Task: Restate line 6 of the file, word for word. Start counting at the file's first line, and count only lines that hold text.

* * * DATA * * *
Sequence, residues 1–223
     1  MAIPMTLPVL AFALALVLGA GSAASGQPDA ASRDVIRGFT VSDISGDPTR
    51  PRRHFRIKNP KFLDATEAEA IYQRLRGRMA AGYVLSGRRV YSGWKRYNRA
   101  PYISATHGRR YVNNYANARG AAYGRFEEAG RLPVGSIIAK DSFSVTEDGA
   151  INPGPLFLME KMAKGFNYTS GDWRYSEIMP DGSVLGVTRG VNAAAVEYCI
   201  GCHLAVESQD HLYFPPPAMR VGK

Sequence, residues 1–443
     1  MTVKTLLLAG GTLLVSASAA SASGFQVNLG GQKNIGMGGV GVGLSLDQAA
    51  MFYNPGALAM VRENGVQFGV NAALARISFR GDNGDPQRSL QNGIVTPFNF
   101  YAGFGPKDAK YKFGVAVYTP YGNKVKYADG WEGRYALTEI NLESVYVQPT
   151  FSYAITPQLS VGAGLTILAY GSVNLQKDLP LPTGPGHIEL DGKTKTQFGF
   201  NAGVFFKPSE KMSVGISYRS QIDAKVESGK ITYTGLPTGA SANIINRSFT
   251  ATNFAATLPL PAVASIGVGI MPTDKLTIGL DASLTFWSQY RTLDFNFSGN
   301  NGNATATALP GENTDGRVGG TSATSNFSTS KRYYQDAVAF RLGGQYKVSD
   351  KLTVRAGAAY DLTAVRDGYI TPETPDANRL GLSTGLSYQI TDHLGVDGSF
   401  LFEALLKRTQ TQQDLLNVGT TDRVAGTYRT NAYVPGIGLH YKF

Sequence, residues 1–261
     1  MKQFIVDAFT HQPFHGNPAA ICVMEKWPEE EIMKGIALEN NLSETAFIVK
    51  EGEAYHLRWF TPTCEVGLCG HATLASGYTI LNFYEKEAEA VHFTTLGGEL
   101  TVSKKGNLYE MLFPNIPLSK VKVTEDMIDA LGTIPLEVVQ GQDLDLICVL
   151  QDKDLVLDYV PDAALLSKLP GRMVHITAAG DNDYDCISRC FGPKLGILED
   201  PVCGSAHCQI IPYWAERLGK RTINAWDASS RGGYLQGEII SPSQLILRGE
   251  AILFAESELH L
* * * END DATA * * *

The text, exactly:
   201  GCHLAVESQD HLYFPPPAMR VGK